THE QUESTION: Why are beer, wine and spirits not required to disclose nutritional info? Shouldn't a wine drinker be just as entitled as a drinker of cola or juice to know how many calories he is consuming?
THE ANSWER: You've cited two things: nutrition and calories. Alcoholic drinks contain very little of one and a considerable amount of the other.
Since 2007, nutrition labelling has been mandatory in Canada for prepackaged foods. The handy "nutrition facts" table lists various items, including calories, cholesterol, fat, sodium and protein. Alcoholic beverages are exempt, as you note. But so are many other products, such as bakery goods and salad items packaged in the store. Other exemptions include items that contain few, if any, nutrients, such as coffee, tea and spices.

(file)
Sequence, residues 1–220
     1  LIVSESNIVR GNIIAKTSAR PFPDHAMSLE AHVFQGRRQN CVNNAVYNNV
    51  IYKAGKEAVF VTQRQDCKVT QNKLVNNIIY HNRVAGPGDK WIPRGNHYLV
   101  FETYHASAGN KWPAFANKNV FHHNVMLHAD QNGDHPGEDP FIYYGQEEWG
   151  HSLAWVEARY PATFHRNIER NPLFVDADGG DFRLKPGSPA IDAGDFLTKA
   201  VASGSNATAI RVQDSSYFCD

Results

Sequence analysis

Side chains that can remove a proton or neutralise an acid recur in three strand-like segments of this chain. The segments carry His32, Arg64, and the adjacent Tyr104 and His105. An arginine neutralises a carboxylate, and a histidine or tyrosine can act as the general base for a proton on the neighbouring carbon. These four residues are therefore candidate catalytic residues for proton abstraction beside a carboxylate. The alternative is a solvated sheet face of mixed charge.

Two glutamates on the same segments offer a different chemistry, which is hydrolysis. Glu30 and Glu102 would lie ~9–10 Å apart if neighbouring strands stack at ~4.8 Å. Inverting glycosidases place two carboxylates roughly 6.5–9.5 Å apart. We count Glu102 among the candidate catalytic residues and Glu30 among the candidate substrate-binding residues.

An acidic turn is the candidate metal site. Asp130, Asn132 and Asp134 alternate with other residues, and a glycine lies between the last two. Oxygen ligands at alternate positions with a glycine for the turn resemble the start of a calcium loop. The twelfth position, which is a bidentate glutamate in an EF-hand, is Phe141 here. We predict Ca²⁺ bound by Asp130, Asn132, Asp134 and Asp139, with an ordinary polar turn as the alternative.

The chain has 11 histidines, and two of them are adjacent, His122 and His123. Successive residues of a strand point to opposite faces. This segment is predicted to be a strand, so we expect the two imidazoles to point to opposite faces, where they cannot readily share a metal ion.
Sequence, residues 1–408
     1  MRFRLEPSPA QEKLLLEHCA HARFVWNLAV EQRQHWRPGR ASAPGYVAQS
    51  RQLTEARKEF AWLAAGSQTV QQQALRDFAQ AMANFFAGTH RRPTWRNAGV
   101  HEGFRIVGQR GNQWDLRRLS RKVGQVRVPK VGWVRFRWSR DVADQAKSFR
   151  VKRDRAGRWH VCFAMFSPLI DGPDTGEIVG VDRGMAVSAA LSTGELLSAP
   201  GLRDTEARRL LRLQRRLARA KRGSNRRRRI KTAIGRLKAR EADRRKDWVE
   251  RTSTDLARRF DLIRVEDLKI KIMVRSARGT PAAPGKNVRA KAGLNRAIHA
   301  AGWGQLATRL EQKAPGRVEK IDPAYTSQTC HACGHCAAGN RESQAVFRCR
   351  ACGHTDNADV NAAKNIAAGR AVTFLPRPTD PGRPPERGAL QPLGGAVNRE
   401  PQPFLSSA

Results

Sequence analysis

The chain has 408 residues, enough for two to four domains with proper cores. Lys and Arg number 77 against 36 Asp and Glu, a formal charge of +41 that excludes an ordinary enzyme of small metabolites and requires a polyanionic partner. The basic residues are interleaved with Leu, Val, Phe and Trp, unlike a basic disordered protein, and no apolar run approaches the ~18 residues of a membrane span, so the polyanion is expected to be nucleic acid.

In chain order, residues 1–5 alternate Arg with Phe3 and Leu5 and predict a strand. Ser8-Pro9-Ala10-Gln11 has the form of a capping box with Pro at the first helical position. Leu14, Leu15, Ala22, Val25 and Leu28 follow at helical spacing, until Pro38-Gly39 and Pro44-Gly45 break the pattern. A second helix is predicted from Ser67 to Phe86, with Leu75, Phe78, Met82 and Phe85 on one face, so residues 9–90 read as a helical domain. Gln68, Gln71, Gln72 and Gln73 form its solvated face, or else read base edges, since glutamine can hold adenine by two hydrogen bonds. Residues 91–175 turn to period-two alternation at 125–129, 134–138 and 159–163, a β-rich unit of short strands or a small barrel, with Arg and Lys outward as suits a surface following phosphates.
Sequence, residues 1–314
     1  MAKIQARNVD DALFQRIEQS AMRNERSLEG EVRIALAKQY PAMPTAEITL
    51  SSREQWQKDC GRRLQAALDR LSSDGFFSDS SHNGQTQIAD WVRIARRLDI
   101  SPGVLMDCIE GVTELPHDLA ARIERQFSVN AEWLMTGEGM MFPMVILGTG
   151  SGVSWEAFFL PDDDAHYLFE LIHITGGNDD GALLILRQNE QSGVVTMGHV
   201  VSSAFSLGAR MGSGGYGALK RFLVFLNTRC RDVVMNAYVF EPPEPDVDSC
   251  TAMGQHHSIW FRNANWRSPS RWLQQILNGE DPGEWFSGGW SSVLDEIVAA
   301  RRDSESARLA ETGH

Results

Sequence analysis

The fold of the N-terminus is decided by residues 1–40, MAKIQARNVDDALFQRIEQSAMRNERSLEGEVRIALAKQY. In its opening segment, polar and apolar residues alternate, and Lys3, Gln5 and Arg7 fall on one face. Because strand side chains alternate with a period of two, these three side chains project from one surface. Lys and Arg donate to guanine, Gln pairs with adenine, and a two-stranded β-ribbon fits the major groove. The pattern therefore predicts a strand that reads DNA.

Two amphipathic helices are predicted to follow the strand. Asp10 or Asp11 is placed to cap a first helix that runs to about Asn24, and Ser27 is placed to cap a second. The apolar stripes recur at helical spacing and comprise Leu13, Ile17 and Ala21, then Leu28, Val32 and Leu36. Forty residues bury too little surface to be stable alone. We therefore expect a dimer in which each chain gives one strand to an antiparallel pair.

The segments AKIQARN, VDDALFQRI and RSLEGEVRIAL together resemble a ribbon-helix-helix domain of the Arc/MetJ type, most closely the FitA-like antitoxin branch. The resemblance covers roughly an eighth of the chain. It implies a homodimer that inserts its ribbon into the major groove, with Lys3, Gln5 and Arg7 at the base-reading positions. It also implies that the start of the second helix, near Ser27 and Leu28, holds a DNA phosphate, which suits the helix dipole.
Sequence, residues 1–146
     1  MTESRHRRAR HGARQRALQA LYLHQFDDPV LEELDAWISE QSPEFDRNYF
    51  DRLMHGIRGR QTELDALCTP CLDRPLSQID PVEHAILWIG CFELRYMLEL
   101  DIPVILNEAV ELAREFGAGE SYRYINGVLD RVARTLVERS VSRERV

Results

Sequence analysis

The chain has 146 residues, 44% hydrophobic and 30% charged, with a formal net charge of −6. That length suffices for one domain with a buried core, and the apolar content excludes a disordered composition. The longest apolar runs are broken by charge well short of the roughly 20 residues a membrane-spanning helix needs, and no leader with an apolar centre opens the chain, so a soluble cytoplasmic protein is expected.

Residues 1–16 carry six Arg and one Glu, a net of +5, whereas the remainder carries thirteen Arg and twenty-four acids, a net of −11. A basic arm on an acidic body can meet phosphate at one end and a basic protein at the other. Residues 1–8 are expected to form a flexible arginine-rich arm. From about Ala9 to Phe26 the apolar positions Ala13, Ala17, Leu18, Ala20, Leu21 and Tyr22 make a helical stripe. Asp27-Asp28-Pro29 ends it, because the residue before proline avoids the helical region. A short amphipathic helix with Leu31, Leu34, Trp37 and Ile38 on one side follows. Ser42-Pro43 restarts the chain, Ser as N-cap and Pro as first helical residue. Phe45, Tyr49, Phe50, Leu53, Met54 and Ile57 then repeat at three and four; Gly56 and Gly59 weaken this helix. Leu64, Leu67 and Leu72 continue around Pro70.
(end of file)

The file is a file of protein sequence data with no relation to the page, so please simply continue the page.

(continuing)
Wine, spirits and beer essentially fall into the latter category. With the notable exception of some sweet liqueurs (which feature ingredient lists), virtually all alcohol products contain no cholesterol, fat, sodium or protein. They are "empty-calorie" drinks and it's assumed that consumers know this. While it may give some people comfort to know precisely how many calories they're imbibing with each glass, the calorie count in most drinks - so long as you don't mix them with pop, fruit juice or sugar - is fairly standard. A five-ounce (150-millilitre) glass of dry wine will add roughly 120 calories to your daily intake, give or take 15 calories, depending on the style of wine. (Higher alcohol usually means a higher calorie count.) Sweet wines can be slightly higher. A 341-millilitre bottle of beer contains roughly 130 to 170 calories, depending on alcoholic strength and brand, while a straight shot of vodka or gin delivers about 100 calories. The precise calorie count is unlikely to sway most buying decisions one way or another.
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